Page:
The Australian Services Union (ASU) just negotiated the Latrobe Valley Worker Transfer Scheme Partnership Agreement with the State of Victoria and local energy employers ENGIE, Yallourn and AGL. It is a landmark just transition tripartite agreement that secures the livelihoods of over 1,500 workers and their families impacted by the closure of the Hazelwood coal generation, a major local community employer since the 1960s. In 2015, the Italian Emilia Romagna Region signed a regional agreement with all social parties (local institutions, unions and employer representatives from all sectors, local universities and public education institutes) to relaunch inclusive economic development, invest in public mobility, digital and education infrastructures; provide social, affordable housing provisions and credit facilities for disadvantaged families; and facilitate enterprise creation and school to work transition.

2. Promoting the inclusion of labour and environmental clauses in local and national public procurement policies and practices

The implementation of the NUA is mainly about building infrastructure and housing, delivering essential urban services to local communities, ranging from bridges and motorways to hospital meals, from public administration computers and stationery to public water, electricity and waste services workers’ uniforms. However, little is said in the document about how local public authorities can make a difference and support sustainable development objectives and urban inclusion using social and environmental requirements in public purchasing and contracting agreements and practices.

The lowest price criteria in public procurement is not always the best value for local authorities and communities. Leveraging the purchasing power of public money is a powerful and ethical way to stimulate quality employment generation, including for the long term-unemployed, informal workers or for minorities and people with disabilities. These provisions are critical to ensure that contracted builders and suppliers, who are paid with taxpayers’ money, also respect human and labour rights and the environment[3].  Local governments have a responsibility and a major opportunity to demand the companies they contract to exercise responsible labour, social and environmental standards with all workers on their building sites or involved in their product or service supply chains in line with ILO Convention 94 on “Labour Clauses in Public Contracts”.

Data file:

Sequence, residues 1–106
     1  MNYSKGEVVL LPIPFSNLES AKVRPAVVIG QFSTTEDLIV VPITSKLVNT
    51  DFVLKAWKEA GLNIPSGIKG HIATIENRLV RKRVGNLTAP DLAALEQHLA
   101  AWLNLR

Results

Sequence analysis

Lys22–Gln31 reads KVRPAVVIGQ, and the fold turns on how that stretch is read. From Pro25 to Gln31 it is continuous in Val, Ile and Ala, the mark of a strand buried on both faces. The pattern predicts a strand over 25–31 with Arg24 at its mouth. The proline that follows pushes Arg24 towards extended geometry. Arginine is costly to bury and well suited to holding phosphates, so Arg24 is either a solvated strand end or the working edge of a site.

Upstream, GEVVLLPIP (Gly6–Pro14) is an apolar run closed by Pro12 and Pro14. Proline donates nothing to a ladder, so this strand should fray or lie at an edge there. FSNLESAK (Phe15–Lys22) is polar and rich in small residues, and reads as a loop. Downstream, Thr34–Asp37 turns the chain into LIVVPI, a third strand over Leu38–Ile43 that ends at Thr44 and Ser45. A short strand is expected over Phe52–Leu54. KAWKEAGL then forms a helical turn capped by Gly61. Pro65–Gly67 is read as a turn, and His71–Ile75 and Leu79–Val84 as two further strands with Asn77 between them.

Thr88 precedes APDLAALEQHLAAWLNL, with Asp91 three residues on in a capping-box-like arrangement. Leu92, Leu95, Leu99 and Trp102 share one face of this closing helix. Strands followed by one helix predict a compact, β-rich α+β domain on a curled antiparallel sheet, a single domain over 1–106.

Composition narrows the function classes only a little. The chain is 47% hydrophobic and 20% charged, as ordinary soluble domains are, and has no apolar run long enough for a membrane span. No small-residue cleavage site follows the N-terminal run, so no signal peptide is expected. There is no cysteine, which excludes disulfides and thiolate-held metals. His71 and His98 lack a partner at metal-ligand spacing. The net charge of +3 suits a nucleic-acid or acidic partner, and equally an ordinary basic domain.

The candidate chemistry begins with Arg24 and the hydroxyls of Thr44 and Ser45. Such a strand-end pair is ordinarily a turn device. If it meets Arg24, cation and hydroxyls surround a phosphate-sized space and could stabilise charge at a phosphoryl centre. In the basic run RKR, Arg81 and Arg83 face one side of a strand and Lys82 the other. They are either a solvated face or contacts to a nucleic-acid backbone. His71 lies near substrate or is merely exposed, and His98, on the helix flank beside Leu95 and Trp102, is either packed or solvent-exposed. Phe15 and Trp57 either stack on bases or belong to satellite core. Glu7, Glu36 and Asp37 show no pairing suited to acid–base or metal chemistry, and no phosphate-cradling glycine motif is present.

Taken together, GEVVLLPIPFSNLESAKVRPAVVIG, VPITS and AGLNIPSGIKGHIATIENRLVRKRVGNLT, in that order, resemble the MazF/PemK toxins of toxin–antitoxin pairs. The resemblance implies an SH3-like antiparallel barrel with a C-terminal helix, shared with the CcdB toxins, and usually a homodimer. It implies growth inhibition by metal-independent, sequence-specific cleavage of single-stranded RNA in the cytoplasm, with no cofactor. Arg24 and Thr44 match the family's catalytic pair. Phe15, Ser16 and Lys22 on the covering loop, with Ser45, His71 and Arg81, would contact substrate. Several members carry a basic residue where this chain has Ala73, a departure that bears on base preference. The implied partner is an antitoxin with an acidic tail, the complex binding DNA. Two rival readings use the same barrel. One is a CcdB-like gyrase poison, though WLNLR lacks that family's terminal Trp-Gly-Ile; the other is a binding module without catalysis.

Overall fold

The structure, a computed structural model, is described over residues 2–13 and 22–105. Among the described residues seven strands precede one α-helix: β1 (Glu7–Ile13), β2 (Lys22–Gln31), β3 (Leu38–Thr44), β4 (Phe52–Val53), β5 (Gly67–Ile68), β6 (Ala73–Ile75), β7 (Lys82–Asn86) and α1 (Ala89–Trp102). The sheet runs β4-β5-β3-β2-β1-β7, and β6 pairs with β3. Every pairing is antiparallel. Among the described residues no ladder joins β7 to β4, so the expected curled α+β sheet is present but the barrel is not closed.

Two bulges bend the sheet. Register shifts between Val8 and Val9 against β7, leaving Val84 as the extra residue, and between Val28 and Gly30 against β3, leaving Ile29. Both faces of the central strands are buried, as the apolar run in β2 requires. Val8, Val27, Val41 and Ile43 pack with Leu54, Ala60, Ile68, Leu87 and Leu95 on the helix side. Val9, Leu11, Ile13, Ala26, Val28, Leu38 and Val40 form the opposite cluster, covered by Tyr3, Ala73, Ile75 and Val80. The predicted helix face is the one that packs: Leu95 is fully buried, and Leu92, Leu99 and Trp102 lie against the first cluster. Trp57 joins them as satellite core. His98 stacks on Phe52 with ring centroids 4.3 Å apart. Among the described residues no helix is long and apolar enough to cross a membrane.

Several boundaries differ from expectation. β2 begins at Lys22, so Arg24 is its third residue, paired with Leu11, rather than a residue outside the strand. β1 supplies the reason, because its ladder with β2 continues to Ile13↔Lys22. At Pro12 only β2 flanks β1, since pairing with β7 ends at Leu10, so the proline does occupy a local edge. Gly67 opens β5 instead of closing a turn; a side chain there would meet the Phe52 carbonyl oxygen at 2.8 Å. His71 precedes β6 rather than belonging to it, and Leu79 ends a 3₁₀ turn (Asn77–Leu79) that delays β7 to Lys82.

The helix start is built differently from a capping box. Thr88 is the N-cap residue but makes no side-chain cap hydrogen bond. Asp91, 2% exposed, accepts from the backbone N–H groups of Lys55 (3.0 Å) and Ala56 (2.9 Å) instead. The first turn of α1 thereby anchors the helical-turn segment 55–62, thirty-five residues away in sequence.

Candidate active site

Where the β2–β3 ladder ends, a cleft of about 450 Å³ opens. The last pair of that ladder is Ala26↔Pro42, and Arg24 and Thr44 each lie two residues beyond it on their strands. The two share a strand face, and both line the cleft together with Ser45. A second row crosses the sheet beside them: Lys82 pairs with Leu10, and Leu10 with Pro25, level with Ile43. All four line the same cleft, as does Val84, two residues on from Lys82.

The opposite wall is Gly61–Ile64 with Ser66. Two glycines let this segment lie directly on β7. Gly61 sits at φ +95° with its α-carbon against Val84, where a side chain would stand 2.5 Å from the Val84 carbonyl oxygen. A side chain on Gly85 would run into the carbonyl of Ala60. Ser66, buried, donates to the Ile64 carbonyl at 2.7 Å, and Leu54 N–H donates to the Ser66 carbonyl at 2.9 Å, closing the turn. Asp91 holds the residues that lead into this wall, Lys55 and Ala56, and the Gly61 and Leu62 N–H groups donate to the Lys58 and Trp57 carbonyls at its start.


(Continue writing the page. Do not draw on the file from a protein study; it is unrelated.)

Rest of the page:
The direct involvement of trade unions in the design and implementation of local authorities’ public procurement rules is essential to ensure such rules are effective and complied with. Responsible public procurement practices protect not only workers, but also the local community from harm linked– for instance – to poor, unsafe building and infrastructures and supplies, while promoting decent employment that benefits the local community and economy. Setting social-economic inclusion and local sustainable development as strategic objectives in public procurement regulation at all levels of legislation (local, regional and national) is critical.

Public contract specifications that serve responsible public procurement and are critical to uphold the SDGs and NUA transformative commitments include:

  • social, labour, environmental and ethical criteria in the specifications and award criteria of public contracts (not only price)
  • provisions for ensuring formal employment, employment protection, decent working conditions, health and safety standards, skills, equal treatment and non-discrimination, trade union recognition and collective bargaining requirements for workers directly or indirectly involved in the product or service delivery, as well as the respect of laws and applicable collective labour agreements in force
  • rules on subcontracting, including a chain of liability based on the master public contract down the whole subcontracting process
  • positive action measures to promote employment and training opportunities for the long-term unemployed, disabled persons, minorities, the young and women, among others
  • the option for local government to give priority to local community providers over foreign ones in public procurement adjudication to prioritize the investment of public resources into the local economy and labour market, waiving compliance with to the trade agreements such as the Trade in Investment and Services Agreement (TiSA) that tie local authorities’ hands when they wish to regulate or pursue local policies with social, health or environmental purposes
  • the systematic involvement of trade unions and civil society representatives in the implementation and monitoring process of the public procurement provisions
  • transparency measures, with the details of public contracts and adjudication processes made publicly accessible to allow for scrutiny and proper evaluation
  • the treatment of non-compliance with social, environmental and ethical public procurement obligations as grounds for exclusion breach from a public contract
  • an integrated approach to corruption covering all actors involved in the adjudication and implementation of public procurement contracts, including adequate, effective measures for proportional and dissuasive sanctions and the protection of whistle-blowers, their families and communities from harm and retaliation.